Mum was 100 on December 8th 2020 and I wanted to write something for her great grandchildren and their children to read one day; these words are a part of that.
Mum left school at 14 to work as a mother’s help. At 17, she left for London, where she worked below stairs in Eaton Place. She’d been there a year when war broke out and she was summoned home by her father where she joined the Wrens and worked in the wardroom in Grimsby. Mum enjoyed her job but not the heartbreak of colleagues who were losing family, fiancés and friends on a daily basis. She met my father as he was preparing for embarkation to the Middle East with the Yorkshire Hussars. They married in 1943 and lived in Middlesbrough, retiring to Lincolnshire where Mum grew up and her mother and two sisters still lived.
At 79, Mum moved to Milton with her Westie where she joined the WI and the church choir. In 2016, she moved into The Paddocks, later receiving her 100th birthday card from the Queen. This thrill was eclipsed by a Middlesbrough football shirt with her name on – she’s always been mad about football! Her birthday saw members of the Wychcraft Choir singing on her patio – mum enthusiastically joining in from indoors!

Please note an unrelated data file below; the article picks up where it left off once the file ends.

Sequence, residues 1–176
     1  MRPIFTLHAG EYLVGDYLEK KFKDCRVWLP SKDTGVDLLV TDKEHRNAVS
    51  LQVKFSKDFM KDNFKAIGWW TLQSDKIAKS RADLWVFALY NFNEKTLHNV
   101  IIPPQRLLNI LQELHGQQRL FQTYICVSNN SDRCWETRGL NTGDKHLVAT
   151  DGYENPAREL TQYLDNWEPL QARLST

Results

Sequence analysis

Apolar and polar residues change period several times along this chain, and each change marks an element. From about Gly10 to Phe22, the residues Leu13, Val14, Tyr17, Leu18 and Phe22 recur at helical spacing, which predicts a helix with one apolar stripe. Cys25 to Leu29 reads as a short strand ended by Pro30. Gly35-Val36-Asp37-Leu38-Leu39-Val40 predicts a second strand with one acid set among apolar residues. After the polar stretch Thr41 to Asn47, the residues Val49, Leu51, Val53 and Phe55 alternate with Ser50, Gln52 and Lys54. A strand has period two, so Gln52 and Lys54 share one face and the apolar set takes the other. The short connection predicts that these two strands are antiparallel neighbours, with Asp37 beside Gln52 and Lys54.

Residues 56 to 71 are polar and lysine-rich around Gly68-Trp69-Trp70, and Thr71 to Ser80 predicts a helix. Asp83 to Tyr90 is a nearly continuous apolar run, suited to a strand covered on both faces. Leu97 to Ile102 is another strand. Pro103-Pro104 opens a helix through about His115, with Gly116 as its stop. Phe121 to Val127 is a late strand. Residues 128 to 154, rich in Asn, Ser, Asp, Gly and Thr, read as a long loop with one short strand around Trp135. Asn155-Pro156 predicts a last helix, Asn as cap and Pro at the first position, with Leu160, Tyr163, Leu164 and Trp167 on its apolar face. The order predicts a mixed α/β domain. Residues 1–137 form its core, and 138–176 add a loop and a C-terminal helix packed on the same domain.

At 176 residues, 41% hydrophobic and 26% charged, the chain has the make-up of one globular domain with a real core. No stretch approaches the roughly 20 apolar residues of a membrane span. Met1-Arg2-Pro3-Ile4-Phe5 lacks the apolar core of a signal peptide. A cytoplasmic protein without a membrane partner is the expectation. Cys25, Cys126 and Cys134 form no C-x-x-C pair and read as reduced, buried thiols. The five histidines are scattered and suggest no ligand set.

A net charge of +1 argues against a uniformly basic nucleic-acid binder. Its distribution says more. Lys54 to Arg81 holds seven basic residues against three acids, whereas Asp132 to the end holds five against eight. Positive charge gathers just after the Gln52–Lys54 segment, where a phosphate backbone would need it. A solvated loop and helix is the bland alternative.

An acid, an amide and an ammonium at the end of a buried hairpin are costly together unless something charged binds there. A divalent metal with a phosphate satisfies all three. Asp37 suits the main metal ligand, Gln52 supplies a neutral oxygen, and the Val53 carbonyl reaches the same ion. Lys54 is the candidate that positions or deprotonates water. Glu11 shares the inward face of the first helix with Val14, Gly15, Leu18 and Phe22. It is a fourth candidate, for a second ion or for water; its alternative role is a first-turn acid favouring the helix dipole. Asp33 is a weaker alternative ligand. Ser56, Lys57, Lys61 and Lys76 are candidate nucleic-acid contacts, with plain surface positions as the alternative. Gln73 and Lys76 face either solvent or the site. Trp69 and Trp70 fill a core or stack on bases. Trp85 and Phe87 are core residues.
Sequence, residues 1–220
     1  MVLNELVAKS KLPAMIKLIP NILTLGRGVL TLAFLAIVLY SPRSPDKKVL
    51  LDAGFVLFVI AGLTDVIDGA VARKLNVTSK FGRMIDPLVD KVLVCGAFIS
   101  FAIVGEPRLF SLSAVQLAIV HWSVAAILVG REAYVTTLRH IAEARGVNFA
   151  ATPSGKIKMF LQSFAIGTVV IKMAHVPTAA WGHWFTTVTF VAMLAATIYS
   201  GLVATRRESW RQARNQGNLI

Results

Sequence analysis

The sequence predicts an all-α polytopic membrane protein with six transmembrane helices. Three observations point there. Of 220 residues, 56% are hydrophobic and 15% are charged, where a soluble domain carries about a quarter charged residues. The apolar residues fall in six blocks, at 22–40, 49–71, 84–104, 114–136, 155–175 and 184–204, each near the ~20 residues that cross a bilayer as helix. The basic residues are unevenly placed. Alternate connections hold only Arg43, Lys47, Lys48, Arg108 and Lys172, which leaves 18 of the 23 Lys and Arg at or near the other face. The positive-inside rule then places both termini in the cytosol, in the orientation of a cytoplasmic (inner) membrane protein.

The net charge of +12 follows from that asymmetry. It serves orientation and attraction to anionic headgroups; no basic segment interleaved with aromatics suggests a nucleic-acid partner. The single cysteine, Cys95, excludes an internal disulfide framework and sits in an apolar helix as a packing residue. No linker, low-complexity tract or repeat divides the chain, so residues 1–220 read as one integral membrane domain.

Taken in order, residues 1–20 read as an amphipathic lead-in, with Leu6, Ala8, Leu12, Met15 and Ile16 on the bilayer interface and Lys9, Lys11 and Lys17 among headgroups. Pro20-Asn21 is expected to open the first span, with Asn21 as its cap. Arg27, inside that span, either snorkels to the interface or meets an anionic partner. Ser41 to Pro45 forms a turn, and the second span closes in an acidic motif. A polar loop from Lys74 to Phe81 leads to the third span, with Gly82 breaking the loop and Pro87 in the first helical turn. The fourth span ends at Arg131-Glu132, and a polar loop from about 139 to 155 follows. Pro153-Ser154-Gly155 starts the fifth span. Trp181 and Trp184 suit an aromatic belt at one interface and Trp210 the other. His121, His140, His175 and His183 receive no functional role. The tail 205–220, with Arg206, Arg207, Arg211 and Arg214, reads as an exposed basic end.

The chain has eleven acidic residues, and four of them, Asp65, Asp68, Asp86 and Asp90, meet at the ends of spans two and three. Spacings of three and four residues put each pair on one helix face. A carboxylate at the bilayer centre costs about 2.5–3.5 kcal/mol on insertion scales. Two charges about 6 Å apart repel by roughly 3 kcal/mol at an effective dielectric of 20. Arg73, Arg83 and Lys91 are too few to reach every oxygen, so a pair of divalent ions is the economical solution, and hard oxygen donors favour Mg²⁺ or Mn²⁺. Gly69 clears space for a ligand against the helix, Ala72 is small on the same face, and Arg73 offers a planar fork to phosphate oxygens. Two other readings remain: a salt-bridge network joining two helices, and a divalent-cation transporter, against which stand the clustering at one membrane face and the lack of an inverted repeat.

My daughters’ memories of their beloved grandma:
Catherine: Hilda Mary has always been a natural when it comes to grandmothering. She’d welcome us into her pretty cottage, delighted when we visited. Grandma’s a real giggler with a great sense of humour. One of my favourite stories is when her father told her off for being a voracious reader. He’d say, “No good will ever come from reading books.” Grandma always smiles when telling this story, smugly reminding us it did her no harm at all!
Anna: Grandma is an amazing lady: pragmatic and an absolute hoot at parties. I have many happy childhood memories of staying at Appletree Cottage with its deathly winding staircase, her excellent shepherd’s pie with huge mounds of cabbage, and her absolute insistence on clean ears and knees despite my sisters’ and my ongoing plea that the knees were bruised rather than dirty.
Lily: Childhood visits to Grandma were full of enormous beef dinners, card games and dominoes with extended family. Grandma has always been perfect partner for a cuppa, a biscuit and a chat about her beloved ‘Boro, talking about books and family gossip. Grandma’s oft uttered “Keep buggering on” stoicism has surely kept her strong and positive all these years. Her other famous advice: “You always feel better when you’ve had your dinner.”